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Chapter 3

Nanowire Phase-Change Memory

Phase-change materials (PCMs) are an important class of materials that reversibly and rapidly change their structure from a stable crystalline to a metastable amorphous phase under the influence of an optical or electrical pulse. This chapter provides a comprehensive review of research in nanowire phase-change memory, a prospective candidate for universal memory. Traditionally, crystal-to-amorphous transformation in PCM thin-film devices was carried out through the application of electrical pulses, which joule heat to melt and quench the crystalline phase, whereas the amorphous-to-crystalline transformation was carried out by the application of electric pulses that heat the amorphous phase above the crystallization temperature. Problems with this ‘thermal’ strategy of switching in thin-film PCM that restrict continued scaling are briefly reviewed, and research in self-assembled 1D-PCM devices that show better scaling properties than their thin-film counterparts is highlighted. Upon repeated switching, device performance of all the PCM devices degrades owing to issues of electromigration, and this effect is enhanced with top-down processing and polycrystallinity of thin-films. Bottom-up synthesized single-crystalline nanowires, owing to their lateral and confined geometry show better scaling, retention, and endurance behavior (switching properties) in comparison to thin-film PCM devices. A detailed review on the synthesis of single-crystalline nanowires and switching properties of nanowire devices is provided. Revolutionary and exciting applications such as multilevel switching using core/shell nanowire devices are discussed, and it is shown that the drift of electrical properties in amorphous phase – an important challenge to overcome to realize multilevel switching capability – is stress dependent, and is less pronounced in nanowire devices owing to their better stress–relaxation mechanisms. The melt-quench mechanism of crystal to amorphous switching in PCM is challenged, and a dislocation-templated and carrier-wind force driven amorphization based mechanism, which directly makes use of the unique bonding and structure in crystalline PCM for phase-change, is discussed through a detailed review of in situ electron microscopy based experiments on PCM nanowire devices.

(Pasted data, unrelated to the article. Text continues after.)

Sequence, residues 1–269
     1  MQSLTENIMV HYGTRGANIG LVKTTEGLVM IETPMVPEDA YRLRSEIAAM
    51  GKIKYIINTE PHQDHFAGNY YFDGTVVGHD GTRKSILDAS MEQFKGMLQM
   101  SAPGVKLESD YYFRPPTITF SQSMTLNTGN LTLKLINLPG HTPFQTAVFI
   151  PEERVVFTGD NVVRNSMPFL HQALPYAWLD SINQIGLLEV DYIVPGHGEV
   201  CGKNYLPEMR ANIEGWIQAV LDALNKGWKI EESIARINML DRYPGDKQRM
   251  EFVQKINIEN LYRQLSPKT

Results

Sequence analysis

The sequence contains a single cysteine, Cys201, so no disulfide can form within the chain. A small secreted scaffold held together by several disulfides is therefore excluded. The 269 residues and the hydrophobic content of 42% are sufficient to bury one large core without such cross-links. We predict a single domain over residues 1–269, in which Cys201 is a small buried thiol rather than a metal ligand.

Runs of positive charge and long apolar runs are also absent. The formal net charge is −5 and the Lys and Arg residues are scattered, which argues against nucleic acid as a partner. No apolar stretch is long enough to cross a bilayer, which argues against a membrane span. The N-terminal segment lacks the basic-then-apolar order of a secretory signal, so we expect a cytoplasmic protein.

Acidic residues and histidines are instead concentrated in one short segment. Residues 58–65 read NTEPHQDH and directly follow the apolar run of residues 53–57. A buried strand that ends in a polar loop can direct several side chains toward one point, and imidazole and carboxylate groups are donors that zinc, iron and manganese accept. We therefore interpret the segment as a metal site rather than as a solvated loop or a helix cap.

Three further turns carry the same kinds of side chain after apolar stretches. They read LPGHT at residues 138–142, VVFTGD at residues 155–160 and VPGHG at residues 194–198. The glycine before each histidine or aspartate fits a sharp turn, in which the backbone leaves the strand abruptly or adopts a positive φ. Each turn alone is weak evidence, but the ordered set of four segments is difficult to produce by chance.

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05 Dec 2014
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From the book series:
Smart Materials Series